When I was little, and I would hear people bemoan the loss of human jobs to automation, my immediate question was always: but don’t we need people to make the machines?
I have had time to think it over, and my opinion has developed from there, but not, fundamentally, changed.
The point is: machines do things. People decide what gets done. If a machine can cannibalise your job then trust me: it will. So find what makes you more than a machine. (I’ll give you a hint: t’s your brain). Machines, technology, these are tools we employ to make better products, improve our services, etc. But a person – a human – has to decide how to use it, how to improve it, and how to develop its use over time.
And the Weakonomics blog now also raises this point:
Toyota is learning that when you automate too much you lose a couple of things. First, you lose the people that know how to make the item. You’ve replaced masters of their craft with people that push a button on a machine. Second, machines don’t really have the ability to make an item better. So if no human is making your item, no one is figuring out how to make it better. By bringing workers back to replace robots, Toyota is finding their human workers are making certain materials for their vehicles more efficiently than the robot ever could. Sometimes this is a limitation of the robot. Other times it’s simply the fact that a robot doesn’t know how to make something better until someone tells it what to do.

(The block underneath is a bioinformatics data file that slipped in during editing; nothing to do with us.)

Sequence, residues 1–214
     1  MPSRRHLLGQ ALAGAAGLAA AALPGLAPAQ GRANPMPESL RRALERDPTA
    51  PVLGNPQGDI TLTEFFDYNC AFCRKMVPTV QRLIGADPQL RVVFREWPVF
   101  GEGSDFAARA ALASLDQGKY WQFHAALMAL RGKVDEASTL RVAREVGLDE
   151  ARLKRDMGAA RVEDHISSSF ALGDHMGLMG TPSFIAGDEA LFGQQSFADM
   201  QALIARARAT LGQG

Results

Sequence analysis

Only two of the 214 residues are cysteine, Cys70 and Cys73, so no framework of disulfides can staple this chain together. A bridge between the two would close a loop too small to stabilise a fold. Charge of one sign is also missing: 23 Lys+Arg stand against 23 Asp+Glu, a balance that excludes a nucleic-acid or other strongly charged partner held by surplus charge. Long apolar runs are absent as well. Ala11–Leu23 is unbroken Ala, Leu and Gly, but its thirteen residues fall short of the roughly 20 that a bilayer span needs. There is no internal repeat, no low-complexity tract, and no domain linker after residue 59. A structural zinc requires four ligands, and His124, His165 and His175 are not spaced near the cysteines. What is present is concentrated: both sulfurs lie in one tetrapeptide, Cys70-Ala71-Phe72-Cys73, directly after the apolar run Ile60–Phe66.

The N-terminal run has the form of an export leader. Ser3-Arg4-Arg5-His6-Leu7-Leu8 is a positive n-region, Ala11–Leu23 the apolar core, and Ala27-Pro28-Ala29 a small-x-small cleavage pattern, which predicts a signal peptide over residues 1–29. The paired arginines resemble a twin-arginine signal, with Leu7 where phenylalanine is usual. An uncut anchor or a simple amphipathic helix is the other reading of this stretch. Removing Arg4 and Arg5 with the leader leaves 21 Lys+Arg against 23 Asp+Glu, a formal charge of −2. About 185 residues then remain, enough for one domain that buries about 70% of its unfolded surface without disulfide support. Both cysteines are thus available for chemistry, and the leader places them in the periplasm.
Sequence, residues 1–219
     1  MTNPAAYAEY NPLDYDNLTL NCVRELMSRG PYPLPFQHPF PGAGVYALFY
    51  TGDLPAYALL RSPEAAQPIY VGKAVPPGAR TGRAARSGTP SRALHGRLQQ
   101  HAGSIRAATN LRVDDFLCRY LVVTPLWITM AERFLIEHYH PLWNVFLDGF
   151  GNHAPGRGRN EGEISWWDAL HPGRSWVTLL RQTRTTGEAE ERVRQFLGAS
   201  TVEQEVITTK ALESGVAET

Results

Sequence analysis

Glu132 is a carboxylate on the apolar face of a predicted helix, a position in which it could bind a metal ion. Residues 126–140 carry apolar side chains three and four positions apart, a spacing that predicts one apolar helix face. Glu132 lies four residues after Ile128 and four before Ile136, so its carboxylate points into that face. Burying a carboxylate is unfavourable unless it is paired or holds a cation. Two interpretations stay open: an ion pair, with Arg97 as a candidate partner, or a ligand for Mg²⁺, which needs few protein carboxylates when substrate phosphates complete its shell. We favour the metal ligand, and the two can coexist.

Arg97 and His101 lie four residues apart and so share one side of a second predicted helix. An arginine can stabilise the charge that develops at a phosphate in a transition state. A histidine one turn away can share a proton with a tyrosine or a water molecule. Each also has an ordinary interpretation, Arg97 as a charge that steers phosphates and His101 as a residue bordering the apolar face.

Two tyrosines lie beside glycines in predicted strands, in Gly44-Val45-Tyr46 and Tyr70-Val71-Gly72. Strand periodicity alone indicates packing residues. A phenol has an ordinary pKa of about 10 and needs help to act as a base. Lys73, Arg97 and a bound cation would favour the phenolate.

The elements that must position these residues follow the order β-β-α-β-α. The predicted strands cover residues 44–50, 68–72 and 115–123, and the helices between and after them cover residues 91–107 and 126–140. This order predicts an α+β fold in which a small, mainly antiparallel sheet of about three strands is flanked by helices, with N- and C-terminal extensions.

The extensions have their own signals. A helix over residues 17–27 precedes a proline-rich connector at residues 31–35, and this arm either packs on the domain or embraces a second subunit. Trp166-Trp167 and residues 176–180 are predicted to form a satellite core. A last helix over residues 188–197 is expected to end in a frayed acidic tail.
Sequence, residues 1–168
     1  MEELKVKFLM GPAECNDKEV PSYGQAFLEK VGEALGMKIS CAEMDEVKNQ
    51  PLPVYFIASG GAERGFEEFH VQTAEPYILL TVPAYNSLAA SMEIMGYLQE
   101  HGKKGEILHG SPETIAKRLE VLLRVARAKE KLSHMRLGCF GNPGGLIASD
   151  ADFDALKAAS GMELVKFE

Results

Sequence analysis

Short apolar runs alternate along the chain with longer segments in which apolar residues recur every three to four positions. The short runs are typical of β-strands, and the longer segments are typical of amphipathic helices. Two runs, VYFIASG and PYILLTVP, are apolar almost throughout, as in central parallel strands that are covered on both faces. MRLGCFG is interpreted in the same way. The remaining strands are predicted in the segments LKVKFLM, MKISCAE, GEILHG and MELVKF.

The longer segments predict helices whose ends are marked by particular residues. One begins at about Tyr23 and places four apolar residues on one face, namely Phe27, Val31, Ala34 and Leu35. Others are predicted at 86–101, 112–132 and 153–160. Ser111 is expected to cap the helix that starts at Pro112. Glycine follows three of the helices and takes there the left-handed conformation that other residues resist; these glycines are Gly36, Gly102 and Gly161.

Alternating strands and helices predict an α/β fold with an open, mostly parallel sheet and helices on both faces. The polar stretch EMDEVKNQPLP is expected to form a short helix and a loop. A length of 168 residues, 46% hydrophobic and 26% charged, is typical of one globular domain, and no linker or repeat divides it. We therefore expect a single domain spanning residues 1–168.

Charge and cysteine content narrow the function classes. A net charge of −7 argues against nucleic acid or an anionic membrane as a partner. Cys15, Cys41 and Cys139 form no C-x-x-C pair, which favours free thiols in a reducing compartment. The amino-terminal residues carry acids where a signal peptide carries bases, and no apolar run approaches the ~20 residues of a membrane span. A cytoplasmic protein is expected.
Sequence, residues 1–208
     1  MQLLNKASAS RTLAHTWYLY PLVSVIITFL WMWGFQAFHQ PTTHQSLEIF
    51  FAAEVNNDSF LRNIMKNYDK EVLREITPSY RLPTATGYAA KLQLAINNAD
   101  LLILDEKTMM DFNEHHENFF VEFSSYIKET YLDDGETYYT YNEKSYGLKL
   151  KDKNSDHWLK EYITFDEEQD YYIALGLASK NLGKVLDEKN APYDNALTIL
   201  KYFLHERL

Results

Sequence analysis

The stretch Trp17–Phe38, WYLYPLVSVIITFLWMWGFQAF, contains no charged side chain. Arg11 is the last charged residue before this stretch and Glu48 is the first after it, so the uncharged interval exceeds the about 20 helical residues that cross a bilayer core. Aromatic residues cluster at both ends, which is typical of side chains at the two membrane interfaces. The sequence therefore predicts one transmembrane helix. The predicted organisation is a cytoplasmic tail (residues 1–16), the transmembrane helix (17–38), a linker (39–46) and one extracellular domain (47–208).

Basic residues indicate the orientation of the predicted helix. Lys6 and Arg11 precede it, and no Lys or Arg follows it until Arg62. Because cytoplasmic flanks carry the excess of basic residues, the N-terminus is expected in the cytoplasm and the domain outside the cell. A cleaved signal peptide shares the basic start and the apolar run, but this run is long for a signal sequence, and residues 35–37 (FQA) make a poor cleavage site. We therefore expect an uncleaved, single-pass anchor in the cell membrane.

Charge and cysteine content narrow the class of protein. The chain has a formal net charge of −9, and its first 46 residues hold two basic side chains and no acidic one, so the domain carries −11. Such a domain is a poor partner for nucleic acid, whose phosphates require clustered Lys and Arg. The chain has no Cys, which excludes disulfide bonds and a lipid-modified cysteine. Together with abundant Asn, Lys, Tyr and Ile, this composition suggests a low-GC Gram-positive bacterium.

Yes, he concludes, “machines do take our jobs. However we can always be one step ahead of them”.